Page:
Waterbed Mattress and Heaters Guide

 

Waterbed Mattress Guide

There are 3 types of waterbeds. Hardside waterbeds, Softside waterbeds and Softside tube waterbeds. The hardside waterbed is the original type, the waterbed mattress sits directly in a strong wooden surround that provides side support. The whole thing rests on a square base, between the mattress and the frame there is a safety lining that can catch any water in the event of a leak. The more modern style waterbed is called a Softside waterbed. With this type, the waterbed mattress or tube system is supported at the side by a foam edging and zippered mattress cover. The support from this foam edge ensures that a Soft-side waterbed can stand alone or can be fitted into an existing bedframe. They are available in varing depths, cover qualities and with or without waterbed heaters.
There are different types of waterbed mattresses, The first waterbeds were made of a smooth PVC film that contained only water. These mattresses are called unstabilised or free-flow mattresses. Various methods are used nowadays to dampen the after movement of the watermattress. The use of cylinders, compartments or fibre mats allow watermattresses of different stability grades to be made. Which stability grade to use is a matter of personal choice. It is important to make sure that the level of stability does not affect the pure sense of sleeping on water.
Most waterbed manufacturers guarantee 5 years but the actual life is much longer and heavily depends on how well the sleeping system is looked after. The life of a waterbed mattress depends, of course, on the type of vinyl used and the quality of the seams. Furthermore, the foam edges are subject to wear and tear. So, it is best to choose a system in which the edges can later be replaced separately if need be. Because the vinyl of a watermattress ages (even if it is not used), it is important to choose a waterbed that is only made after youve placed your order and has not been lying in storage for years. Finally, the important factor is that the support element in a watermattress is the water itself. Water does not wear and tear. So, the comfort and the supporting properties of a watermattress do not change over the years, in contrast to the properties of a traditional mattress.
All waterbed mattresses will make noise after filling but once all the air has been removed from the watermattress, a waterbed makes no more noise. The very stable construction of a waterbed and the fact that the weight of water keeps it firmly in its place means that there is no more of that irritating creaking traditional bed constructions can produce.
All waterbed can leak but the likelihood of this is very small, particularly with superior brand products. Current production methods, after all, guarantee robust seams and most waterbeds have reinforced corners. All waterbeds are fitted with a safety liner that ensures that in the event of a leak, no water can run out of your bed.
The water in a watermattress only needs to be changed if you move it. A conditioner is added at regular intervals to prevent growth of algae and bacteria in your watermattress.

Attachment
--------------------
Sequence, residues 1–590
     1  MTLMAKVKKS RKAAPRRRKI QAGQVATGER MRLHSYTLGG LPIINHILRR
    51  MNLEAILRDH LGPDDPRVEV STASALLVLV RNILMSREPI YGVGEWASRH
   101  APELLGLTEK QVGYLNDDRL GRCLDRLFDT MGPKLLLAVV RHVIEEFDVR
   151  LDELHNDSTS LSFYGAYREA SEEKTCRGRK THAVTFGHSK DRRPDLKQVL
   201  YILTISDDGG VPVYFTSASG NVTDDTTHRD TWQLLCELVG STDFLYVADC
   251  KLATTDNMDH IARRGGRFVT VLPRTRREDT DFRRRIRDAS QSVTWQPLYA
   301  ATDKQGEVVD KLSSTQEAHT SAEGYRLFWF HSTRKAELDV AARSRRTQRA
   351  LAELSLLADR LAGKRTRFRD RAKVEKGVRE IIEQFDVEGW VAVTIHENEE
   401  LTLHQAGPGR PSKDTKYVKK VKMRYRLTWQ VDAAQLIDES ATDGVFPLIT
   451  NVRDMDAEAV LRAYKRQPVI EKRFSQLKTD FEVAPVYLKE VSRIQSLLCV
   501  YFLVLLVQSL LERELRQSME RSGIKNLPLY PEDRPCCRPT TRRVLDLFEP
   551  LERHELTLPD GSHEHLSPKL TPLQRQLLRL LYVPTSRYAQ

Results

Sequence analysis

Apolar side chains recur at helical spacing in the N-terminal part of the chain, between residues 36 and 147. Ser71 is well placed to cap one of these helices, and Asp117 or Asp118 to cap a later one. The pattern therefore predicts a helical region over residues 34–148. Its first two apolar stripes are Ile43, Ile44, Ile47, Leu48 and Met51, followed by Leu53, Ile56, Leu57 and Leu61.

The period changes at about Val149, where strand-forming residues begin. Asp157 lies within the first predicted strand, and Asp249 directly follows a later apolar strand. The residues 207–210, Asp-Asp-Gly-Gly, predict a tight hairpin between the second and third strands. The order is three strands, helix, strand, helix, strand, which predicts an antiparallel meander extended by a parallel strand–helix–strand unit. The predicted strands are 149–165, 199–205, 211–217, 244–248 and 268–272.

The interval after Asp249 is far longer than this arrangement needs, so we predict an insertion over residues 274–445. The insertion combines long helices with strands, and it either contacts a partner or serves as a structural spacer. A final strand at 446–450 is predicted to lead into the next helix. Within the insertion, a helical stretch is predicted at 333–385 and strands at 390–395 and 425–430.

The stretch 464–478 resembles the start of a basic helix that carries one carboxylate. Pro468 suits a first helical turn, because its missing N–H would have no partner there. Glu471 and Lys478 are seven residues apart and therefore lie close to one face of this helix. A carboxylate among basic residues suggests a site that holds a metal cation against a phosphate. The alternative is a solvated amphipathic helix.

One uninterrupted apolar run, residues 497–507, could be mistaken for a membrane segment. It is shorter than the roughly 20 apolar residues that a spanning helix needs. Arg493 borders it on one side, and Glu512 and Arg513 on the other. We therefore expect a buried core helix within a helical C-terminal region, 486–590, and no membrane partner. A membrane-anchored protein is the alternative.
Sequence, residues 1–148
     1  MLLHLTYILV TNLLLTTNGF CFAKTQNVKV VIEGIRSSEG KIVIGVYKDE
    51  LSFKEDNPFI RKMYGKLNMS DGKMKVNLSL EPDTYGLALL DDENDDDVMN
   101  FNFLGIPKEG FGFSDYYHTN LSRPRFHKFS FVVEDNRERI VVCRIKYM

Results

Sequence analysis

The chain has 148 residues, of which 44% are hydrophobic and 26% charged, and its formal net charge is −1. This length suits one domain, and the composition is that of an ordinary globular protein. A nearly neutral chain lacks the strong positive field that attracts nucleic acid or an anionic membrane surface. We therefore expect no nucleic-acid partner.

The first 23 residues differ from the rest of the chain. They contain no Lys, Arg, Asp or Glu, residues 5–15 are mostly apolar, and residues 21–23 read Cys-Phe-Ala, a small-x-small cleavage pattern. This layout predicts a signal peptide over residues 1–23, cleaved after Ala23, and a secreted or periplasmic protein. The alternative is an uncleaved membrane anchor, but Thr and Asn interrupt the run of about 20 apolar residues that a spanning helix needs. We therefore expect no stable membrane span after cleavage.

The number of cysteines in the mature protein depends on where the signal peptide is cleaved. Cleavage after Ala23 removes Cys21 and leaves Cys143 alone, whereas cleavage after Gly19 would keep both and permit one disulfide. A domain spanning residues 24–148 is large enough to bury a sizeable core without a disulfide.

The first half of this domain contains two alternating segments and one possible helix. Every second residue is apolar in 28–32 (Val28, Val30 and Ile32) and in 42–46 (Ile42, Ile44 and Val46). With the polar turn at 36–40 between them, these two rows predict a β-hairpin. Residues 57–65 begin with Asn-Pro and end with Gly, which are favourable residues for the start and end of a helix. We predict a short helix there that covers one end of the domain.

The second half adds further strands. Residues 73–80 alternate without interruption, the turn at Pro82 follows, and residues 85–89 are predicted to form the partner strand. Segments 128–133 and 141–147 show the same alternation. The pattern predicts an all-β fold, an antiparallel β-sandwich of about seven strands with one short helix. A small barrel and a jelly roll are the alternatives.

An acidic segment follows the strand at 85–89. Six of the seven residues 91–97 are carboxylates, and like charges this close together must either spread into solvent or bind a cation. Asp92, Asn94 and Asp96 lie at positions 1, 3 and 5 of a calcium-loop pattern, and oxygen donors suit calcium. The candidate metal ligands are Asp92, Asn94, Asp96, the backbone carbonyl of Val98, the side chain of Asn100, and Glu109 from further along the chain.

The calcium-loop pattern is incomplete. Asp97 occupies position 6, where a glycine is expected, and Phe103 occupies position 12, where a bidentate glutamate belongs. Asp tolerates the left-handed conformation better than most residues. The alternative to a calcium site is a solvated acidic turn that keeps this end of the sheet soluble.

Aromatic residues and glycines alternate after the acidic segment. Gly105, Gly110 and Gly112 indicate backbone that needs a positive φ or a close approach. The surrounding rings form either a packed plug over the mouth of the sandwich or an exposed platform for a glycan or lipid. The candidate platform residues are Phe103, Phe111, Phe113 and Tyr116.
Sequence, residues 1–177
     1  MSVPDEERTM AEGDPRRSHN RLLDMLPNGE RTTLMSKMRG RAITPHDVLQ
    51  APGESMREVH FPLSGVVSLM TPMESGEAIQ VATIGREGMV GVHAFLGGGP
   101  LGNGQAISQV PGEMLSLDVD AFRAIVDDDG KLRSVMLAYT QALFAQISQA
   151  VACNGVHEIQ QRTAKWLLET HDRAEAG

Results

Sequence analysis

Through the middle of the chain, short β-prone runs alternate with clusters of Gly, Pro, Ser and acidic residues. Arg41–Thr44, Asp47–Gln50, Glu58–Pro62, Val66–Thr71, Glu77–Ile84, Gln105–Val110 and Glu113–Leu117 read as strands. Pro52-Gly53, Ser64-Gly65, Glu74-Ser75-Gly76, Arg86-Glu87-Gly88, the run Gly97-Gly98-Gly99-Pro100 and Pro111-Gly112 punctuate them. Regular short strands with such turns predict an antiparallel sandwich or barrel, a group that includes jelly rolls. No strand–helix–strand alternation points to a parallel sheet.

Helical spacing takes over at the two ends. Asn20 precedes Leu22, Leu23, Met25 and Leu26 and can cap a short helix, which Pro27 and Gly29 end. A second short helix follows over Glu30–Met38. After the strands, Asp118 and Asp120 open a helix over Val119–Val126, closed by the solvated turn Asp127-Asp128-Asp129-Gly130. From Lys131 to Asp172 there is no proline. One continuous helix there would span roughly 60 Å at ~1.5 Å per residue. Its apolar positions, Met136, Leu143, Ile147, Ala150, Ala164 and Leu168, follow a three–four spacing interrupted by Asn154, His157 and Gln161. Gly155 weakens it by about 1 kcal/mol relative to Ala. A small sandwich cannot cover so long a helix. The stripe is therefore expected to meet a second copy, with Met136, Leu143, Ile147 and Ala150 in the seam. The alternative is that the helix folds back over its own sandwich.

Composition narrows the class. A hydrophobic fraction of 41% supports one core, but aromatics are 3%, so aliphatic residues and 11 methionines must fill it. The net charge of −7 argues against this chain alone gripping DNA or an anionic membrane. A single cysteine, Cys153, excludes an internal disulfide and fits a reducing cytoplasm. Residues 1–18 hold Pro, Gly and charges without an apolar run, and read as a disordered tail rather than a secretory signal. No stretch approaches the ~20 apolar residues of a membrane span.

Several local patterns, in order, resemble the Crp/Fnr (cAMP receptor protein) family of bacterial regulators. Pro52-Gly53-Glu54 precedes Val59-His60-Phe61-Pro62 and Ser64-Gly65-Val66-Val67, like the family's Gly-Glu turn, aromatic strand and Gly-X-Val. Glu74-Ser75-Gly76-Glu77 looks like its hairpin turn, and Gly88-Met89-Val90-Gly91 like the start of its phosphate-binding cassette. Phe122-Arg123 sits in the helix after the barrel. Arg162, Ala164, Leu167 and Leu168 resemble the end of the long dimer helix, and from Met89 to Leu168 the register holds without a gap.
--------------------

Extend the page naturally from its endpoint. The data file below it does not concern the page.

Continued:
Every waterbed has its ideal volume of water, determined by the height of the mattress, the shape of the mattress and the weight of the users. How firm a mattress feels depends more on the stabilisation system used and any extra pelvic support there is in the watermattress. Most makes offer various grades of stabilisation and you can choose the one that suits you best.

 

Waterbed Heater Guide

Waterbeds are almost always heated by a specially designed heating element. Usually the water temperature is set at skin temperature, which is normally around 28 C. Good heating elements, however, allow you to set the temperature accurately, so that you can adjust it however you like. That pleasant warmth is one of the properties of a waterbed that is most appreciated.
Our heaters are made by Halcyon, long regarded as the leader in the waterbed industry. The unique design is simple to use, as the control is mounted to the side of your frame. The thermostat dial is large, and easy to read. Halcyon also now offers the Omega a more efficient heater and the control remains in the waterbed frame. This unique design allows the control to be in direct contact with your water bag allowing a more precise temperature control, Therefore saving you on your electricity bills, this is also offered as a 220v European model as well.
Waterbed heating comprises a heating mat and an adjustable thermostat. The heating mat is installed under the watermattress and is connected to the thermostat, which is sited outside the bed. All our waterbed heaters have a heat sensor built into the element itself and are electrically safeguarded, sheiled and CSA approved.
A waterbeds electrical consumption averages only about 1 kWh per day but the exact figure depends on the size of the bed, the temperature of the bedroom, how well-insulating your quilt is, etc.
You must not turn off your heating system because even at room temperature is not usually sufficient to keep the water in your waterbed up to temperature. Your waterbed heating, however, will only come on very occasionally in the summer and so will use far less electricity. By setting the temperature a few degrees lower, you can make a waterbed very pleasantly cool on a hot night. A water temperature of 25 C should be considered the minimum.

 

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